Quintus Prolog uses three data areas: program space, local stack space, and global stack space. Each of these areas is automatically expanded if it overflows; if necessary, the other areas are shifted to allow this.
The local stack contains all the control information and variable bindings needed in a Prolog execution. Space on the local stack is reclaimed on determinate success of predicates and by tail recursion optimization, as well as on backtracking.
The global stack space contains the heap (also known as the global
stack) and the trail. The heap contains all the data
structures constructed in an execution of the program, and the trail
contains references to all the variables that need to be reset when
backtracking occurs. Both of these areas grow with forward execution
and shrink on backtracking. These fluctuations can be monitored by
The program space contains compiled and interpreted code, recorded terms, and atoms. The space occupied by compiled code, interpreted code, and recorded terms is recovered when it is no longer needed; the space occupied by atoms that are no longer in use can be recovered by atom garbage collection described in ref-mgc-ago.
Quintus Prolog uses the heap to construct compound terms, including lists. Heap space is used as Prolog execution moves forward. When Prolog backtracks, it automatically reclaims space on the heap. However, if a program uses a large amount of space before failure and backtracking occur, this type of reclamation may be inadequate.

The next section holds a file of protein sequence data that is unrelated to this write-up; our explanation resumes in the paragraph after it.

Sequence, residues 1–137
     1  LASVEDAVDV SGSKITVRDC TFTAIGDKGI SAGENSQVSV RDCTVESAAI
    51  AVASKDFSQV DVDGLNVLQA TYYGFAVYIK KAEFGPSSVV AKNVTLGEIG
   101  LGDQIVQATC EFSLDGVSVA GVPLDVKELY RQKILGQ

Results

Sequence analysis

Without garbage collection, the Prolog system must attempt to expand the heap whenever a heap overflow occurs. To do this, it first requests additional space from the operating system. If no more space is available, the Prolog system attempts to allocate unused space from the other Prolog data areas. If additional space cannot be found, a resource error is raised.
Heap expansion and abnormal termination of execution due to lack of heap space can occur even if there are structures in the heap that are no longer accessible to the computation (these structures are what is meant by "garbage"). The proportion of garbage to non-garbage terms varies during execution and with the Prolog code being executed. The heap may contain no garbage at all, or may be nearly all garbage.
The garbage collector periodically reclaims inaccessible heap space, reducing the need for heap expansion and lessening the likelihood of running out of heap. When the garbage collector is enabled (as it is by default), the system makes fewer requests to the operating system for additional space. The fact that less space is required from the operating system can produce a substantial savings in the time taken to run a program, because paging overhead can be much less.
For example, without garbage collection, compiling a file containing the sequence
p(_) :- p([a]). :- p(_).
causes the heap to expand until the Prolog process eventually runs out of
space. With garbage collection enabled, the above sequence
continues indefinitely. The list built on the heap by each recursive
call is inaccessible to future calls (since
p/1 ignores its argument)
and can be reclaimed by the garbage collector.
Garbage collection does not guarantee freedom from out-of-space errors, however. Compiling a file containing the sequence
p(X) :- p([X]). :- p(a).
expands the heap until the Prolog process eventually runs out of space. This happens in spite of the garbage collector, because all the terms built on the heap are accessible to future computation and cannot be reclaimed.